For example, let’s say you are looking around the dealership lot and you see a brand-new car you want that also happens to already be in the right color with the right upgrades already made to it. It’s the exact trim level, has the special alloy wheel rim style you wanted, and even the additional privacy glass already there. It has a sticker price of $35,000 so you decide to take it as is.
To your surprise, however, you notice additional “upgrade” labor costs on the invoice. They charged you $400 for window tinting, and another $200 to swap out the alloys for those perfect rims that you wanted. This work has already been done, and the price was named. Why are you then paying for these things?
If you had chosen a different model and then requested window tinting or new alloy rims, then the charges would be legitimate, but this work has already been done and should now be built into that price of $35,000. Dispute immediately any additional labor costs that are added to existing upgrades to the car that you want.
Upholstery Fabric Protection
This one is fairly simple, but also a very common charge added to new car sales. The dealership will try to sell you a treatment to the car’s upholstery that has helped to make it more stain resistant. What they may omit from their pitch is that the vast majority of new cars arrive with a layer of upholstery protection already in place. What they’re selling you in reality is an additional protection, not a first line of protection. In nearly all cases, it’s an unnecessary expense with which you needn’t bother.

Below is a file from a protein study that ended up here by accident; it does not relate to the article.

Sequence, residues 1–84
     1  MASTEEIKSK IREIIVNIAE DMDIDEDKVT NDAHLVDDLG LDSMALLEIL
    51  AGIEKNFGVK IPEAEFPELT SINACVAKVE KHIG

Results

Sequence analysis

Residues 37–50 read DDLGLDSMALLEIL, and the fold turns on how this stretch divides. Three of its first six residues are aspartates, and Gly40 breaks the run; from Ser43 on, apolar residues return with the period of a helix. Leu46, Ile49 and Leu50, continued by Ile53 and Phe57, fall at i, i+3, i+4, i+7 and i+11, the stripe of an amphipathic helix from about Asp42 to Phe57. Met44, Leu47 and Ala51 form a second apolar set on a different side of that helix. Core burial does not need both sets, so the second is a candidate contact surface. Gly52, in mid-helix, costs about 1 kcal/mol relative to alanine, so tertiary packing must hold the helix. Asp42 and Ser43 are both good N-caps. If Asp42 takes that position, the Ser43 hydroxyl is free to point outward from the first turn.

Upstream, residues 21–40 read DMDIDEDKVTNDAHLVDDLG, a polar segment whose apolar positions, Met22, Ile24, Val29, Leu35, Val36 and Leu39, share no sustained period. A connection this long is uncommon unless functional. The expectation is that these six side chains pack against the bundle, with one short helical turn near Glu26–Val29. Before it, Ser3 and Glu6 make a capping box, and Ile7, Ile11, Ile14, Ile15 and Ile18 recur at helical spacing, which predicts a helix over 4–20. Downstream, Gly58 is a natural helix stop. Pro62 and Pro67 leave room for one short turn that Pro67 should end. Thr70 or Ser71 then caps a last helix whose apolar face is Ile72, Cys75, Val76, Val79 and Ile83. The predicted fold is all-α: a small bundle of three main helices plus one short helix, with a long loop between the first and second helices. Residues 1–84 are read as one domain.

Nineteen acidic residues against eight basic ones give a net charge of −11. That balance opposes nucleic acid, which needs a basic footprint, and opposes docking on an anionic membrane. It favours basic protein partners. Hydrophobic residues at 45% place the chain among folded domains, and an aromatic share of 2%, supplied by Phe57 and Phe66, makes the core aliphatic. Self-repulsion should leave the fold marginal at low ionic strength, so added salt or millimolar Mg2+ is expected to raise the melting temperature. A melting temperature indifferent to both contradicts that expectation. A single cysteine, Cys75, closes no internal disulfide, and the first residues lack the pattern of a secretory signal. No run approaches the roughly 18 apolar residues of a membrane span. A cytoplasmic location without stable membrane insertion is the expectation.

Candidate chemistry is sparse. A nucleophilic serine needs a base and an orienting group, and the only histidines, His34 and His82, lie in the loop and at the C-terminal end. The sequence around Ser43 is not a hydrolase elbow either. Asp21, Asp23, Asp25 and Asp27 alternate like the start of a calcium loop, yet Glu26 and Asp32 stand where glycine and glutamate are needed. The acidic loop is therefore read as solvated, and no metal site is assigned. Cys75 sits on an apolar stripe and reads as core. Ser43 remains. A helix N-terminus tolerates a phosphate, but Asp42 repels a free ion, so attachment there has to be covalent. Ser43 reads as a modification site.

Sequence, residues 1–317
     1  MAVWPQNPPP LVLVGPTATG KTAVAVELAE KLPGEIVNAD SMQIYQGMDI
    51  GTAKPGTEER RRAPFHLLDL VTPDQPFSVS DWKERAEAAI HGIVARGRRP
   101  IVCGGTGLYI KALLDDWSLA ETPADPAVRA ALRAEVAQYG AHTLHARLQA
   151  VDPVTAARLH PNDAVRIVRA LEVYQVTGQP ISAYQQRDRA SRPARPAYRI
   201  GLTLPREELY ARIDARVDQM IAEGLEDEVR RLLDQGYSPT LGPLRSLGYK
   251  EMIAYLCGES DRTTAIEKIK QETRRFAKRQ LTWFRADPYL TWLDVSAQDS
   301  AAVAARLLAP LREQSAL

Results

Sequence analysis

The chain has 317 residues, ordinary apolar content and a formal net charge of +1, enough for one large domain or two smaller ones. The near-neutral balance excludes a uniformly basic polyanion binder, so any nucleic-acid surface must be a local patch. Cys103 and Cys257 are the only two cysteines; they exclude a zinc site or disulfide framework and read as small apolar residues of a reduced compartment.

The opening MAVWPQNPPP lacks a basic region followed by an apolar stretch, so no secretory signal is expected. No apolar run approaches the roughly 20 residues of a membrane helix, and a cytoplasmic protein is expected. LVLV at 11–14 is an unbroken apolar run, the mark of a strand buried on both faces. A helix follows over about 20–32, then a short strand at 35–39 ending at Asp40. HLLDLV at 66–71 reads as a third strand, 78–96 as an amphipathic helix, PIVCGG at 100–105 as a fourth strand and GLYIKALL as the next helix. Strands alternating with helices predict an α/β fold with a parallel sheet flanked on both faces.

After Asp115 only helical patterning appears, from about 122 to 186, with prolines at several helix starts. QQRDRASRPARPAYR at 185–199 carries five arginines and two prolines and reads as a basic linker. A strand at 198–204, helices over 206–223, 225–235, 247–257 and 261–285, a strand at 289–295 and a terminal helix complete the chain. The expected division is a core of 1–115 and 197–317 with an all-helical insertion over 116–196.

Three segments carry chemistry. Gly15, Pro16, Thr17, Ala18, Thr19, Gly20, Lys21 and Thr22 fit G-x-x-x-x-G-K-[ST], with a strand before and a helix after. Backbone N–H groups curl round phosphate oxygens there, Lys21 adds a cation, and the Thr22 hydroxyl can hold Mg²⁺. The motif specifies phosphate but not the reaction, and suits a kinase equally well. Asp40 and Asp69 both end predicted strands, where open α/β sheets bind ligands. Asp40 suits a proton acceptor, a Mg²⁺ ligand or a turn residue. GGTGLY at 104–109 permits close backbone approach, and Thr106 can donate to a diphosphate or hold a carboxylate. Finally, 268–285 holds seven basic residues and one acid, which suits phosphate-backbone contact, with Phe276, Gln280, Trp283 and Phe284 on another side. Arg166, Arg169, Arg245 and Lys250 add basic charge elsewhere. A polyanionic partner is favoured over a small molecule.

Nitrogen for the Tires
Getting pure nitrogen into the tires for a smoother and better ride is very “a la mode” these days. We’re not denying that nitrogen is a good gas to have in the tires, but we feel we should point out to potentially confused car buyers that the majority of what’s in your tires already — regular air — already is nitrogen. More than 70 percent of the air you breathe, and pump into your tires, is nitrogen.